I was involved with the Panthers between 1967 and ’72. They certainly engaged in some bandit-style behavior, but anyone who was remotely close to them knows that the outlaw stuff was all on behalf of supporting revolutionary politics. Later on, the balance changed and it seems the Panthers became more of a criminal gang using politics as a cover.
Why did this happen? It has a lot to do with Huey Newton. There was a massive FBI campaign against him — to drive him crazy and push him over the paranoid edge. I’ve seen the FBI memos. But there was also something about Huey that made him vulnerable to this assault. I remember once going to a movie with him in New York — it was about black pimps and revolutionaries. Huey liked the film, but he objected to the fact that the pimps were shown living much more comfortably than the revolutionaries. “This will attract black people to the pimps. Revolutionaries need to live well to be respected.” And he was talking about some very high living. I came away thinking that Huey was losing faith in the best part of himself — and in the people he was trying to lead. It seems that Huey did eventually become a pimp, and he destroyed himself and his organization along the way. He had so much courage and brilliance. What a tragedy!
It’s clearly impossible for any film or work of art to get across the energy of 1968-71. It seems bizarre now that as a high school student in 1969, I actually believed that there was going to be this total revolution, political, cultural — you know, “Why should I worry about my grades?”
The essence of that time wasn’t the demonstrations, riots or rock festivals. It was the day-to-day fact of hanging out with lots of “freaks.” I lived near a college campus. You could go there any time, day or night, and find a tripped-out, high-energy human circus. People were getting high, circulating petitions, flirting, dancing and defacing government property. I remember a spontaneous meeting of nearly 1,000 people planning an antiwar action. People were happy to get together, in large groups, all the time, in a very intense way. You didn’t have to go out to the desert over Labor Day weekend to find it.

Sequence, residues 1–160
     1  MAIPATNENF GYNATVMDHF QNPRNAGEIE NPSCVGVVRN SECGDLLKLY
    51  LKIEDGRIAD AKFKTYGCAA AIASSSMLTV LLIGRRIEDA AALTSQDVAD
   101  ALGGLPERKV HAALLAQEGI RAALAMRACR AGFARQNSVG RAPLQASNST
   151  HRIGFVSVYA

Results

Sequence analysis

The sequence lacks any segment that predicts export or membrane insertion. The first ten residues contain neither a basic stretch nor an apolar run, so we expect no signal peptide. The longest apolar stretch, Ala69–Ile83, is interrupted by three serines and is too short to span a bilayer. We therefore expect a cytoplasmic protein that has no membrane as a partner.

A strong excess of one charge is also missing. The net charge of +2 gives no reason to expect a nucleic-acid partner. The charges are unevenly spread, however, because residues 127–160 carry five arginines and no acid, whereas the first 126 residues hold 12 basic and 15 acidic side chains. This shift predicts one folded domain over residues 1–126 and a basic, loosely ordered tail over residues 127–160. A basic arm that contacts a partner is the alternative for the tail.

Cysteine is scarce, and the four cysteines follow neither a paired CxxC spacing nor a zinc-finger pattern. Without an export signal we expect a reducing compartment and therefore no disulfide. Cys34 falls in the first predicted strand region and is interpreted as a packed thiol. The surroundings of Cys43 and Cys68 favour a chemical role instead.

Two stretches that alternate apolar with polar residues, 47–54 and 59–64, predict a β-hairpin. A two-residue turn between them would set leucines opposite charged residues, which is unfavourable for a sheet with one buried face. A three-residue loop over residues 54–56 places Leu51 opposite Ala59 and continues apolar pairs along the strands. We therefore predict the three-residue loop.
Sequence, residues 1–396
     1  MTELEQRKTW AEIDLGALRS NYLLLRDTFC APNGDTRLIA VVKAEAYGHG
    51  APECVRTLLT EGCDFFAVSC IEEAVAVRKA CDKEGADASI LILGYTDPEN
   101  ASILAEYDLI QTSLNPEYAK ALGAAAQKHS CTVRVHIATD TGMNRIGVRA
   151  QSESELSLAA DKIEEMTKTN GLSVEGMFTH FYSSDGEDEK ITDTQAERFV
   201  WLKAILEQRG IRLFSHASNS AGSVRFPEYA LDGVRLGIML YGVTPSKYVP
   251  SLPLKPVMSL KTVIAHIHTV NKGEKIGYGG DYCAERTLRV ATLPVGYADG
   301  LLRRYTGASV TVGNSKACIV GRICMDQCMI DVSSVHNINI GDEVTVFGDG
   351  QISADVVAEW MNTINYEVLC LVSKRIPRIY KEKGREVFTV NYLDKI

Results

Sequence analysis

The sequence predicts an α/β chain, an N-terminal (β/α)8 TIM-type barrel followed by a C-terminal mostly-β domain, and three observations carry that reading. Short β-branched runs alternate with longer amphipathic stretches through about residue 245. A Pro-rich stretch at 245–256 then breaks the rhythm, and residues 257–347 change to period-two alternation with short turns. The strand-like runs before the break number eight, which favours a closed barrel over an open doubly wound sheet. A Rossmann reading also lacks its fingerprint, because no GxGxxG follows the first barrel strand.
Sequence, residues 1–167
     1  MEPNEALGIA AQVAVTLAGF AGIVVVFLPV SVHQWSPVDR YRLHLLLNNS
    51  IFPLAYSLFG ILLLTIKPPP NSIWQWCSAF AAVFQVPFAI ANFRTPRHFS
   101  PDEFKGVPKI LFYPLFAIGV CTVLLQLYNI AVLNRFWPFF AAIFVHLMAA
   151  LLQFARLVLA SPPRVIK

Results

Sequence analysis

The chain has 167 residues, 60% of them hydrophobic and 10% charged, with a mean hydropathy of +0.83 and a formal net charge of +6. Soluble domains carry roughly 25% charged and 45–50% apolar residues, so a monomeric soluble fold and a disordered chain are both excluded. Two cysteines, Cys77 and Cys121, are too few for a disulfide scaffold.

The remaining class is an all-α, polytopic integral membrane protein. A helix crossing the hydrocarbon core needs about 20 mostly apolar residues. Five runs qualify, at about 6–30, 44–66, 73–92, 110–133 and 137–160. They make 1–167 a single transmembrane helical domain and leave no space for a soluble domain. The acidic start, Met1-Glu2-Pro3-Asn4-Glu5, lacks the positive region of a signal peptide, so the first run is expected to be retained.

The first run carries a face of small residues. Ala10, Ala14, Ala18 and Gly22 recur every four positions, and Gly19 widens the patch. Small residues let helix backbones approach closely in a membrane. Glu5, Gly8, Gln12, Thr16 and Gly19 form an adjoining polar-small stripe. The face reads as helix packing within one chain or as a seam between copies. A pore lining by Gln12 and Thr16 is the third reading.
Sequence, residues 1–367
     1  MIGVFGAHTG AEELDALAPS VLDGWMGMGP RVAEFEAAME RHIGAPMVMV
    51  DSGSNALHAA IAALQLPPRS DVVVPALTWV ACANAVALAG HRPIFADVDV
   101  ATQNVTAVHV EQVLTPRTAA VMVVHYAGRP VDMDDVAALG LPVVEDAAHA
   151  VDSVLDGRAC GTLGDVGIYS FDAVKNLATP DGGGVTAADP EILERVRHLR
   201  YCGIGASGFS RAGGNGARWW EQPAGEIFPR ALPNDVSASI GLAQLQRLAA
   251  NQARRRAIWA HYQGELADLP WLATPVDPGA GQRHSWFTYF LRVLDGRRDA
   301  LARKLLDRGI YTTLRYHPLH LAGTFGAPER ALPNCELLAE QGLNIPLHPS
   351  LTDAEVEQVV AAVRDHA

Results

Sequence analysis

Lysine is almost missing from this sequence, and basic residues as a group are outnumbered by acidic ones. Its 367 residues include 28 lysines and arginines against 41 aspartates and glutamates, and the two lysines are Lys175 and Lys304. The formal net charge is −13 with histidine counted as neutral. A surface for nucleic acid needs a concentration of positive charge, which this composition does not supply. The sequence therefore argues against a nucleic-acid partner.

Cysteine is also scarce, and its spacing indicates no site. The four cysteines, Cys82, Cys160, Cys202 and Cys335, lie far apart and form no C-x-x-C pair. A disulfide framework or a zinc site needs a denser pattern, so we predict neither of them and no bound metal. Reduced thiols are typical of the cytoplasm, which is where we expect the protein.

And then, late in 1971, it just sort of stopped. The campus became morguelike. What happened?
Part of why our fantastic hot energy cooled off was a lack of standards. We thought anything wild was revolutionary — anything crazy would make the world a better place. We celebrated excessive behavior. It was all part of positive social transformation. Drugs, guns, bombs … and then unreal ideologies: If it didn’t reflect middle-class life it was per se good.
I think back to the mid-’60s Berkeley, Calif., and the Vietnam Day Committee, which was dreamed into existence by Jerry Rubin. The VDC led enormous marches and teach-ins against the Vietnam War, and its Berkeley office became a major cultural political center. The movement was riding high and wide then — it was delicious in its styles, personalities, tastes and morality. We were a peculiar blend of fun-loving hedonists and severe moralists. I was having the best time in my life, but the seeds of our decline were already present. I think the story of Angel makes the point.
The VDC office was inhabited by strange figures. Rubin complained that the weirdos kept sane people away. But a lot of work got done despite the circus atmosphere. Most of the odd characters were willing to lick envelopes and earn their night sleeping on the office floor. But not Angel the psychedelic ranger. He was too busy.
Drug ingestion wasn’t permitted in the office, but many tripping acidheads sat on the old sofas and stared at blank walls. “What are you seeing, Angel?” I asked out of curiosity. “The seventh bardo,” he responded. “I’m almost there.” Angel was very handsome and surfer-muscular. Even when he passed into complete oblivion, Angel looked like a Greek statue of idealized masculinity. Or maybe he looked like a decadent model for a 1936 Nazi Olympics poster.
“What about the other six bardos?” I asked.
“They are only in your head.”
Angel held the Berkeley record on acid tripping. He never came down. “I take acid first thing in the morning, every morning, until I see God’s white light,” he said.
Angel’s father was a career Trotskyist from a working-class background, a friendly, open sort of guy who was involved in the VDC. But he never mentioned his acidic son, except in mumbled words and painful expressions. In Berkeley, the generational war could be waged on unique turf.
For some reason, Angel liked me. He once showed up at the VDC table when I was in an intense debate with an ROTC officer over the winnability and morality of the Vietnam War. Angel entered our discussion by looking deeply into the officer’s unsuspecting eyes. The old soldier withered under the intense enemy assault and quickly fled. “I hypnotized him,” he said. “I took over his mind. He’ll join the VDC now. He’s one of us.”